New York Courts are Giving Out More Maintenance Than the Law Ever Intended
In June 2015, maintenance law was changed in New York State when the Senate passed new legislation that set forth a statutory formula to determine the duration and amount of spousal maintenance to be paid by the higher income spouse to the lower income spouse upon divorce.
This law, which would apply to divorces filed after January 25, 2016, was intended to provide a clear indication of what the appropriate maintenance would be from the higher income spouse to the lower income spouse. The court created a specific statutory formula located in Domestic Relations Law § 236.
Based on this law, our law firm has created a calculator that can determine exactly how much child support and spousal maintenance the law provides based on both spouses' incomes and the length of the parties' marriage. This calculator is the product of thousand of man-hours and yields precise and accurate results. Although our firm has created an avenue to easily obtain these calculations, the challenge with this law arises from the tax consequences on the payor spouse.
The statutory formula was established upon the assumption that the payor would receive a tax deduction based on the amount of maintenance they are required to pay, and maintenance received by the payee would be taxable income. This assumption was founded on long time Federal Laws which allowed the payor to receive a tax deduction on his or her maintenance obligation and called for the payee to pay taxes on the maintenance he or she receives, however, these laws have since changed.
The issue that arises with the statutory maintenance formula is that after the law came into effect, the Federal Government changed the tax code which resulted in the payor spouse's inability to claim a tax deduction on the maintenance they are required to pay, coupled with the payee spouse receiving maintenance as non-taxable income. This seems to have never been contemplated by the New York State Legislature while creating the statutory maintenance formula. In face, it is as if the statutory maintenance formula is already stale because of the burdensome tax implications on the payor spouse and the non-taxable maintenance that is received by the payee spouse.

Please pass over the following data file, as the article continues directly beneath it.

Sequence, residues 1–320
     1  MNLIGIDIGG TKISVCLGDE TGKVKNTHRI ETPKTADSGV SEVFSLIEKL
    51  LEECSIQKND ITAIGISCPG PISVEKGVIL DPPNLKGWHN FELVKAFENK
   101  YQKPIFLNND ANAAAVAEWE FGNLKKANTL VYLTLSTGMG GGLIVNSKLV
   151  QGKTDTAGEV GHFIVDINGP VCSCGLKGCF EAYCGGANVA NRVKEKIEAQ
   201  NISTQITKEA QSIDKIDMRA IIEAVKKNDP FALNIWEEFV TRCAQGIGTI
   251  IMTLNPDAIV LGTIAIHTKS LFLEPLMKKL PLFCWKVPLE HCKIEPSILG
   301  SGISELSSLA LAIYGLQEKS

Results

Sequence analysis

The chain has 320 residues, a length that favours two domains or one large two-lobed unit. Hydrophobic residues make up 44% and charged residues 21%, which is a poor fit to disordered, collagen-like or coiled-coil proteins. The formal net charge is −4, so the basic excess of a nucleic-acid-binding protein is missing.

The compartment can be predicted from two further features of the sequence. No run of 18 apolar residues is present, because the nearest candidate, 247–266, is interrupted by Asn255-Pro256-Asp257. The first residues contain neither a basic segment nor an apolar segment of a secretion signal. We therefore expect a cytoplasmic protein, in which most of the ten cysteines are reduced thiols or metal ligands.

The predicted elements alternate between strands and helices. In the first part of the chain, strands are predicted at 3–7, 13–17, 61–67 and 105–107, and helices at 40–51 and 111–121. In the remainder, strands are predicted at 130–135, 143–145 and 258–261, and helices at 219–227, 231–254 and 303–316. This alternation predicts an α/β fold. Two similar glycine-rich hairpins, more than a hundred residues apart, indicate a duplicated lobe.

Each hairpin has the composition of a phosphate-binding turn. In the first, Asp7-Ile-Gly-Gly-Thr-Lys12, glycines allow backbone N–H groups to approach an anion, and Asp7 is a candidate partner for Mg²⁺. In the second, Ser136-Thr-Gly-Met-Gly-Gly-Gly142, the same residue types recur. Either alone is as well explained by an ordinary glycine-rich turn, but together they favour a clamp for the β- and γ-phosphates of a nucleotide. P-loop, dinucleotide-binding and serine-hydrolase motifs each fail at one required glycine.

The examples set forth below demonstrate the effect of these tax implications:
|Example A||Payor Spouse makes $207,351.00 per year and has a maintenance obligation of $1,000.00 per month. Payor Spouse is taxed at the rate of 35%, meaning in order to satisfy the maintenance obligation, Payor Spouse must earn $1,538.46 for every $1,000.00 paid to Payee Spouse.|
|Example B||Payor Spouse makes $518,401.00 per year and has a maintenance obligation of $1,000.00 per month. Payor Spouse is taxed at a rate of 37%, meaning in order to satisfy the maintenance obligation, Payor Spouse must earn $1,587.30 for every $1,000.00 paid to the Payee Spouse.|
Located in Melville, Bryan L. Salamone & Associates, P.C. delivers exceptional representation to clients going through a divorce on Long Island and in other parts of New York. For a free telephone consultation, please call 1.631.479.3839 or contact us online.